Asteroid bigger than Eiffel Tower and worth £3.5 billion to skim Earth’s orbit


Nasa have called the asteroid “potentially hazardous” as it hurtles 4.6 million miles from Earth, while scientists have said it is so large it could wipe out much of the UK with a direct hit

A huge asteroid is set to hurtle past the Earth on Friday
This illustration shows an asteroid burning up in Earth’s orbit, but this weekend’s pass poses no threat to our planet, says Nasa

A massive asteroid described as “potentially hazardous” by Nasa is set to skim Earth’s orbit

The space rock is 1,000 feet long, making it bigger than the Eiffel Tower, but there’s no need to worry – Nasa has said it poses no danger to Earth.

The 4660 Nereus asteroid has, however, been called “potentially hazardous” because it will pass within 4.65 million miles of our planet.

Discovered in 1982, it is about 20 feet taller than Paris’ Eiffel Tower and is travelling at 14,719mph. It is estimated to contain $4.7 billion (£3.5 billion) worth of nickel, iron, and cobalt.

This will be the nearest it has come to the Earth since it was first seen almost 40 years ago.

The asteroid is being described as “potentially hazardous” by NASA


Getty Images)

Dr Franck Marchis, astronomer at the SETI Institute and chief scientific officer at Unistellar, told The Sun : “Its orbit could be deflected by various things such as an encounter with another asteroid or a planet like Venus. Any deviation could be an issue.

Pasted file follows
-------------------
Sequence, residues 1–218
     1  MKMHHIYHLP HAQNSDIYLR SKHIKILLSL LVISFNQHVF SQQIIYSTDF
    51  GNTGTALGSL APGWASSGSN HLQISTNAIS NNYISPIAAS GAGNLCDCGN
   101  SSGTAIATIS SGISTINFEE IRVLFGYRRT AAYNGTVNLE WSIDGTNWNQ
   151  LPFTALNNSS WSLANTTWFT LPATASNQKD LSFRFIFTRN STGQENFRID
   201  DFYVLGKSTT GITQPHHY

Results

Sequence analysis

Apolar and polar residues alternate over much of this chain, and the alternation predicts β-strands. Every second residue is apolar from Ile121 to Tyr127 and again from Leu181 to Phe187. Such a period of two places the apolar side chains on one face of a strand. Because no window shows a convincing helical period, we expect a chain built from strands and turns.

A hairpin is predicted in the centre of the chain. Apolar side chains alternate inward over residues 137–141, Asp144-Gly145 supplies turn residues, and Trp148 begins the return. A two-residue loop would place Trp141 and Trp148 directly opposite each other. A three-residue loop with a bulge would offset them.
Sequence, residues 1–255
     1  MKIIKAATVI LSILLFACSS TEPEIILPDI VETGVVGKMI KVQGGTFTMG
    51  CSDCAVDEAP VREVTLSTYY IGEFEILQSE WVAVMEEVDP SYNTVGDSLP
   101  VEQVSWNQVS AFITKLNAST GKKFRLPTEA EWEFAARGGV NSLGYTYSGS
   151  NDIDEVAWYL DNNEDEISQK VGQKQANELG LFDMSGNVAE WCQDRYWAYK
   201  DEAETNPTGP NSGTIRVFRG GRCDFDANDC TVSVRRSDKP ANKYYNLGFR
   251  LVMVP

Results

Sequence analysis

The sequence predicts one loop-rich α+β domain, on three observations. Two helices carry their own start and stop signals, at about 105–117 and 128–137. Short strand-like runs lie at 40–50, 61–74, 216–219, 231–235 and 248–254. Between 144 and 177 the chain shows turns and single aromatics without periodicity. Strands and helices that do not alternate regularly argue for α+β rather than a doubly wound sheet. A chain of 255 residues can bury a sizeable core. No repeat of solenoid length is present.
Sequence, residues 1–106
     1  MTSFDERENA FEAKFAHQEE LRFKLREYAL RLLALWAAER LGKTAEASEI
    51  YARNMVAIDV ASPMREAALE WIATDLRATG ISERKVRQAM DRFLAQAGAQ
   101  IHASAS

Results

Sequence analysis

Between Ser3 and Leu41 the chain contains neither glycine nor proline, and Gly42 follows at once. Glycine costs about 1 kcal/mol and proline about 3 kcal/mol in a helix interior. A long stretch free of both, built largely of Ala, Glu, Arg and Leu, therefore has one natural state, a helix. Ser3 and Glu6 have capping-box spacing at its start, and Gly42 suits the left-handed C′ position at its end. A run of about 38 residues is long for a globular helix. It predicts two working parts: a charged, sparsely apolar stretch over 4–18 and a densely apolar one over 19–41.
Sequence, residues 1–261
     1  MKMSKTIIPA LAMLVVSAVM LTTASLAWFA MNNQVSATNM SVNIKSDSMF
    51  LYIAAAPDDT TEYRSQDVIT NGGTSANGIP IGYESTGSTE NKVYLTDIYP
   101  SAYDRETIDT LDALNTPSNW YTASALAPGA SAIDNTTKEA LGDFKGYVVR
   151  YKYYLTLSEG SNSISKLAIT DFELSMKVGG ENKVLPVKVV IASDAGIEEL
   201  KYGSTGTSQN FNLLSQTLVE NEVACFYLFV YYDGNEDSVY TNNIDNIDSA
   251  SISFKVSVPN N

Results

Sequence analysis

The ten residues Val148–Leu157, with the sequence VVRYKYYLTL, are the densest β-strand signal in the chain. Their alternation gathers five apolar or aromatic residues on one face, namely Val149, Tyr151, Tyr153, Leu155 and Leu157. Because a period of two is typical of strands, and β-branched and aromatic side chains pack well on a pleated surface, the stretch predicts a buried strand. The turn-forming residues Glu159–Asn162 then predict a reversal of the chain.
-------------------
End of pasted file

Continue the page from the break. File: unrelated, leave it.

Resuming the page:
“It’s like if you have an evil neighbour, it’s in your interests to know where they are and what they’re doing.”

If an asteroid of this size ever hit the UK – in Coventry, for example – it would wipe out most of the Midlands and cause damage from Leeds to Southampton, said Dr Marchis.

It is due to pass 4.65 million miles from Earth which is about 10 times further away than the Moon.

And it could be visible with clear skies from the UK at around 2.50pm on Friday.

Professor Martin Barstow, a professor of astrophysics at the University of Leicester, told LeicestershireLive : “Collectively, asteroids do pose a potential threat, as the dinosaurs found out 63 million years ago.

“Scientists are interested in groups of asteroids for this reason and it is vital that we track them, because one day we might find one that could cause a problem, although that prospect is unlikely.

“The things that we are really scared about are the things we don’t yet know anything about.

“That’s why we have initiatives to search space to find these objects and the Double Asteroid Redirect Mission to help protect us in the event that one might collide with Earth.

“As part of this mission, last month NASA launched a spacecraft the size of a refrigerator, sending it on a crash course with an asteroid in 2022.

“This intentional self-destruction will tell us if slamming a spacecraft into an asteroid is enough to save Earth in the future if a massive space rock is headed our way.”

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George Holan

George Holan is chief editor at Plainsmen Post and has articles published in many notable publications in the last decade.

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